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UK Innovation Corridor - Question for Short Debate

Part of the debate – in the House of Lords at 9:05 pm on 30th April 2019.

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Photo of Baroness Brown of Cambridge Baroness Brown of Cambridge Crossbench 9:05 pm, 30th April 2019

My Lords, I, too, thank the noble Lord, Lord Haselhurst, for securing this short debate on an important topic. I declare my interest as a resident of Cambridge.

I draw the Minister’s attention, and that of the House, to an important proposal developed by the Cambridgeshire and Peterborough Combined Authority and its leader, James Palmer, for the Cam Metro, and ask the Minister to support this innovative and ambitious plan. I am told that there are more jobs than people in Cambridge, and I know from experience that the university, Cambridge colleges and the science parks that ring the city are finding it increasingly difficult to attract bright young researchers to Cambridge because of the cost of housing in the city and the poor transport infrastructure. Researchers with young families are being forced to live further and further out of Cambridge in order to afford appropriate homes, and face long commutes, increasingly beyond reasonable cycling distance, by car and bus.

This is not healthy for the city, which is surrounded by blocked roads each morning and vehicles contributing to poor air quality and climate change. It is not healthy for families, when commuting steals so much family time, and it is not healthy for the colleges and the accidental exchanges that can lead to new ideas when young academics no longer participate in college life. The traffic in Cambridge is also making it a less appealing destination for tourists, who make an important contribution to the local and national economy.

The combined authority is developing plans for the Cam Metro: a 160-mile route including six miles of tunnels under Cambridge. It is expected to create 100,000 jobs and support the building of a further 60,000 homes in the area, while taking 44% of cars and 18% of buses off the roads in and around the city. It will link the university, science parks, including Addenbrooke’s Hospital and the Royal Papworth Hospital and the biomedical campus, with railway stations and villages out to St Neots and developments at Mildenhall and Haverhill.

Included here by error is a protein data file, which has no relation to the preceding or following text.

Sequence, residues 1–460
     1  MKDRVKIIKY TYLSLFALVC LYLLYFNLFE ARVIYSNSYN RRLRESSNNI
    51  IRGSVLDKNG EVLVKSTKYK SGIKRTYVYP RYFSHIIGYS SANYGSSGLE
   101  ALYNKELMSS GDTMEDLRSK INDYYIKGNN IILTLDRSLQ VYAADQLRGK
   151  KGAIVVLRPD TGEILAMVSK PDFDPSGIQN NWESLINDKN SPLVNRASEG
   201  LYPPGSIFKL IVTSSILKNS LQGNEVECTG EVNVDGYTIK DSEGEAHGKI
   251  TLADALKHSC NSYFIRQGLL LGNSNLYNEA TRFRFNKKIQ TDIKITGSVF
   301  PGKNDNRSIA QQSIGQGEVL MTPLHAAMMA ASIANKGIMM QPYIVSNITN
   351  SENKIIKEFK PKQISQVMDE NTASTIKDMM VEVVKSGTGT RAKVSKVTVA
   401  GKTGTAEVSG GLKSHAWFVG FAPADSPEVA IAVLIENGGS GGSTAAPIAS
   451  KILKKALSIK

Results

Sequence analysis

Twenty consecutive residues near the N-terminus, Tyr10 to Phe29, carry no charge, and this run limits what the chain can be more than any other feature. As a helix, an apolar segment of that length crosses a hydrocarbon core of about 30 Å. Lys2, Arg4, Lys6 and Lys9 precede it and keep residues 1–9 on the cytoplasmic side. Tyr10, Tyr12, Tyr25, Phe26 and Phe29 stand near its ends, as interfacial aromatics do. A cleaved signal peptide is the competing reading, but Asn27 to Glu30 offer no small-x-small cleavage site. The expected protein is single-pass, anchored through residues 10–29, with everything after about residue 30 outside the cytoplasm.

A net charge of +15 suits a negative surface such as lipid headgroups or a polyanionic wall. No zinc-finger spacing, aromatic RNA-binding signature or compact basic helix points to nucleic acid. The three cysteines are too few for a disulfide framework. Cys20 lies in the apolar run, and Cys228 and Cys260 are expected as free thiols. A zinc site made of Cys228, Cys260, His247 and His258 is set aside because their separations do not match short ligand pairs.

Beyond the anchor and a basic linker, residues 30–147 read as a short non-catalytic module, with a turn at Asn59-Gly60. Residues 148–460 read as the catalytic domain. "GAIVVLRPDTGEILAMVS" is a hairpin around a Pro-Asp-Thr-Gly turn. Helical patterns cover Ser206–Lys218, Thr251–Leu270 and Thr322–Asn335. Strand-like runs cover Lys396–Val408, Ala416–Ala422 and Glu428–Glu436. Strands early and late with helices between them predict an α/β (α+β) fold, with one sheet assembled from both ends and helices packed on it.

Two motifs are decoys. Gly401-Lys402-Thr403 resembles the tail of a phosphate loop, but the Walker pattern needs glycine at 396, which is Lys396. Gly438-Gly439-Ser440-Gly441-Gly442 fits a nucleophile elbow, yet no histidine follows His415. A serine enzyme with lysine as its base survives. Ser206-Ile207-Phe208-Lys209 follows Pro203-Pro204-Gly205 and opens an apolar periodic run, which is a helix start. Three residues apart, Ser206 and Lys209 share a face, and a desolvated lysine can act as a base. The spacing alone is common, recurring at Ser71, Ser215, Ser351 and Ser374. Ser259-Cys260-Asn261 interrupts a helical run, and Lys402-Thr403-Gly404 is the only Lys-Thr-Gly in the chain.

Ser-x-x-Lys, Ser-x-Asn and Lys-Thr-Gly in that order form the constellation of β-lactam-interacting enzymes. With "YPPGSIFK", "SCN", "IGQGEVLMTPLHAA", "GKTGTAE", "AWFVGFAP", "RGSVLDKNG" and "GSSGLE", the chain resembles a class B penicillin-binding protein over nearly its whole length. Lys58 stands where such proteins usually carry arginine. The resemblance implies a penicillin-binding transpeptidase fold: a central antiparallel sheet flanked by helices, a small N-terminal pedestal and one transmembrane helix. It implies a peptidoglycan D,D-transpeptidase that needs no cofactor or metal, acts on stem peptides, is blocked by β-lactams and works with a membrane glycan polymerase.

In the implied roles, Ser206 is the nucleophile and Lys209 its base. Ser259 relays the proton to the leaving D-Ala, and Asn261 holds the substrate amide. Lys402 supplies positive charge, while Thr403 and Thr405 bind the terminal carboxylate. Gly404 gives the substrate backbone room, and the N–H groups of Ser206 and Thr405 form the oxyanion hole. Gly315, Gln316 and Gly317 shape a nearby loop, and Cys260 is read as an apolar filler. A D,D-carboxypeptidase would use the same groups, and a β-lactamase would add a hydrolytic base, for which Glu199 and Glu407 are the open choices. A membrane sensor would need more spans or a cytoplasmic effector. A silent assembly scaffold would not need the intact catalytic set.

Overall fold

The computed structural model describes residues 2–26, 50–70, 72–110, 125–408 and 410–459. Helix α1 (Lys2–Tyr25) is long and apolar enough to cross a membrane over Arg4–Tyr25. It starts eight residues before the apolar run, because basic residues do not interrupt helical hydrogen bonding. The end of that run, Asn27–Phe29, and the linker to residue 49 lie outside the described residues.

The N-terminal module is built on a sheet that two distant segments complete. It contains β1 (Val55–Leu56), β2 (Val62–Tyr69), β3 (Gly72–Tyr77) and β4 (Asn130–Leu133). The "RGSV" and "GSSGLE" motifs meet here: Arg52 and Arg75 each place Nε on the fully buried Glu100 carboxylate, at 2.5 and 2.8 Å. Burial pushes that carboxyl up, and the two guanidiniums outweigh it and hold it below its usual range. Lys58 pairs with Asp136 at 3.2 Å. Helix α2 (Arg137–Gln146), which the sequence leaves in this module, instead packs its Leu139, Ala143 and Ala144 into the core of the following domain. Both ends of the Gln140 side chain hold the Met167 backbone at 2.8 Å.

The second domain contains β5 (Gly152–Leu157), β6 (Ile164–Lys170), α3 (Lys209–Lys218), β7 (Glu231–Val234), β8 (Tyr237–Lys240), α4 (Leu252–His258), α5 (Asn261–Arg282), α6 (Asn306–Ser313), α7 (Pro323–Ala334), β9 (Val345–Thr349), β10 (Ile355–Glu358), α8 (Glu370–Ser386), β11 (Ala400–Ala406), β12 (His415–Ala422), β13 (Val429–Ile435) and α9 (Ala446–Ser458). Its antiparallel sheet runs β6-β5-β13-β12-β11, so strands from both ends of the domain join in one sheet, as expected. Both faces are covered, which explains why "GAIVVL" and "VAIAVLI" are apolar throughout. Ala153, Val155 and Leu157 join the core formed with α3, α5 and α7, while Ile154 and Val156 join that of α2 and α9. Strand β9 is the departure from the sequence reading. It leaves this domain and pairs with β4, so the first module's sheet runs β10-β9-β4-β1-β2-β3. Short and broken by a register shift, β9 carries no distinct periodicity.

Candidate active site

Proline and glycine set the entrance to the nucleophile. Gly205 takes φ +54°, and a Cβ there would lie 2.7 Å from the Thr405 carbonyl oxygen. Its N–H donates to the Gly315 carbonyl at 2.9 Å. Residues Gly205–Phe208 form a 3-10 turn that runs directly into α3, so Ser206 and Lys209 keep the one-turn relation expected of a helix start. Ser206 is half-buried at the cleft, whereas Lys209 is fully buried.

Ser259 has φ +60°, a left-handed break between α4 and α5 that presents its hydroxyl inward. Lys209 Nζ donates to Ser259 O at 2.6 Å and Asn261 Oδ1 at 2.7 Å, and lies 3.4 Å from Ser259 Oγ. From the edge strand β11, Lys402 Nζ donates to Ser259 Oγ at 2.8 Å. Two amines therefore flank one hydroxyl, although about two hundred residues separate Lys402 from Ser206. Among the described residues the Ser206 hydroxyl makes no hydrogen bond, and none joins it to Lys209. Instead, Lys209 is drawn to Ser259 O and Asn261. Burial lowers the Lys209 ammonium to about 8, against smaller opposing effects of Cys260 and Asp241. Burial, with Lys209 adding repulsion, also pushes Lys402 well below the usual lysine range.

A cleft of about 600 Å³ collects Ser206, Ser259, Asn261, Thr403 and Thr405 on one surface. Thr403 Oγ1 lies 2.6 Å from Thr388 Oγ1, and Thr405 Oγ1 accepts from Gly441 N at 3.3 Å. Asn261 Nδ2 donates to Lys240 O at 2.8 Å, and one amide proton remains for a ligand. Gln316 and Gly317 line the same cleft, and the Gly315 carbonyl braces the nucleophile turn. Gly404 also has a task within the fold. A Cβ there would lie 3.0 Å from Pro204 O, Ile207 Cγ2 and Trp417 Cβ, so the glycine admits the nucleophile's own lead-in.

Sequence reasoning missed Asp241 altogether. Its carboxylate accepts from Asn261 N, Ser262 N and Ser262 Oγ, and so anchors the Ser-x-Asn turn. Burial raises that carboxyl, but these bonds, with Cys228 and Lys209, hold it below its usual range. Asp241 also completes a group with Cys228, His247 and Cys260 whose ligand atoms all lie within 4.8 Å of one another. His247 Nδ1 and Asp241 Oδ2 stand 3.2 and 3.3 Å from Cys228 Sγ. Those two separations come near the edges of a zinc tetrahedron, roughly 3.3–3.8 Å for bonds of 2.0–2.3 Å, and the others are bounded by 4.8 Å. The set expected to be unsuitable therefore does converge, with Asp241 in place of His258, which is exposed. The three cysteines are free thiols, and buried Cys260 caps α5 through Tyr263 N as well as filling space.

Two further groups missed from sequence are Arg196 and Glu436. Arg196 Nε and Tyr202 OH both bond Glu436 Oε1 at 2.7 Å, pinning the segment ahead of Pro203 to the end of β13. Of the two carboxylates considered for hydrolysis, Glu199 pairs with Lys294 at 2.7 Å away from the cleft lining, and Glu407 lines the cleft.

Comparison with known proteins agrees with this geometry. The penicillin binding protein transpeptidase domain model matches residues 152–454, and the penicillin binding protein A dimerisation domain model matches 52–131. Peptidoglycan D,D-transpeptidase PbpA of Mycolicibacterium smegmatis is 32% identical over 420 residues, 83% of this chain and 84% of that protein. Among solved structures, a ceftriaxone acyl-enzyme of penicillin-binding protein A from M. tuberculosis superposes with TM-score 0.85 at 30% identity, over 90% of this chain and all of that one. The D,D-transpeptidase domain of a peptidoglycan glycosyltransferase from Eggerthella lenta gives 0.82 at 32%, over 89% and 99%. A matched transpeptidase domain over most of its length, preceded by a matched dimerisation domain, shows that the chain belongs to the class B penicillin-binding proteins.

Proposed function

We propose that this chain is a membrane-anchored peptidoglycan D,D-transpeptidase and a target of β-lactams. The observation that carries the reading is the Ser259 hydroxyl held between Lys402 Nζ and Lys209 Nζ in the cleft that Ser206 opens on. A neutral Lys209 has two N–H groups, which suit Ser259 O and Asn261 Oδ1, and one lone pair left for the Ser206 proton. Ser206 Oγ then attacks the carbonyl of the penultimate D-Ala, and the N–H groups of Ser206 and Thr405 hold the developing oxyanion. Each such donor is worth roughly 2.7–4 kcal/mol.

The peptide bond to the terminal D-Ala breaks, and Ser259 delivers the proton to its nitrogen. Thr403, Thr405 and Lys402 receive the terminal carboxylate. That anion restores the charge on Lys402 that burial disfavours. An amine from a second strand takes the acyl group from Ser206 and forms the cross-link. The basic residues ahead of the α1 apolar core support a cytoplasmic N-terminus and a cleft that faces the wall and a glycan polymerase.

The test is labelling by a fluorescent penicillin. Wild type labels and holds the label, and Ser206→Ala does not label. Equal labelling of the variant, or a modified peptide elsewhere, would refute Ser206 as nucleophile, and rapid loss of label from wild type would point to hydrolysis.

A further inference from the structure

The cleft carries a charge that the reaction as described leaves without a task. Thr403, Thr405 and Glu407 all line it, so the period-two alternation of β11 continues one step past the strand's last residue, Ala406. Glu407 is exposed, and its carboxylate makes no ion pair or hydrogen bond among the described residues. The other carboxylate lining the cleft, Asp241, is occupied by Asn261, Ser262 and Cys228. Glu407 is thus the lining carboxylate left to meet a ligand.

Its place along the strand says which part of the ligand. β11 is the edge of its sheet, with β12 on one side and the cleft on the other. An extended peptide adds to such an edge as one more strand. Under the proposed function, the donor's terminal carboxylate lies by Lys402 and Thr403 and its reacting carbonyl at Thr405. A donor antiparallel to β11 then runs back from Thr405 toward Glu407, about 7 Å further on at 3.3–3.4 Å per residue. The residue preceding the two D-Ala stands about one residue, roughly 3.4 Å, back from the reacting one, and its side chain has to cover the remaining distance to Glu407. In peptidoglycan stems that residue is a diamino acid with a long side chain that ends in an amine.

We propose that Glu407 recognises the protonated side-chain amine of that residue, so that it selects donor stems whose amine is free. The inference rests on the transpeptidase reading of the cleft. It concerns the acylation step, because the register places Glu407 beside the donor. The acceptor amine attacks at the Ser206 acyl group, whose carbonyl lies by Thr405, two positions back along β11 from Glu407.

The Cam Metro will be innovative. My noble friend Lord Mair, a world-leading civil engineer whose research covers tunnels and stability, has been involved in developing plans for the tunnels, which would showcase sensors and techniques developed by his research centre. The metro would be a fully autonomous, clean, battery electric-powered wheeled tram system running on a dedicated tarmac route, so avoiding the major costs of conventional tram and train infrastructure. The cost of the scheme is estimated to be about £4 billion—far cheaper than any other road or light or heavy rail solutions. It would unlock the important further growth of the region and be linked to east-west rail to support the London, Stansted and Cambridge innovation corridor.

I ask the Minister to offer the Government’s support for this exciting and innovative plan, which would help to ensure that the region can continue to attract the best and brightest young researchers and their families to contribute to innovation and economic growth in the UK.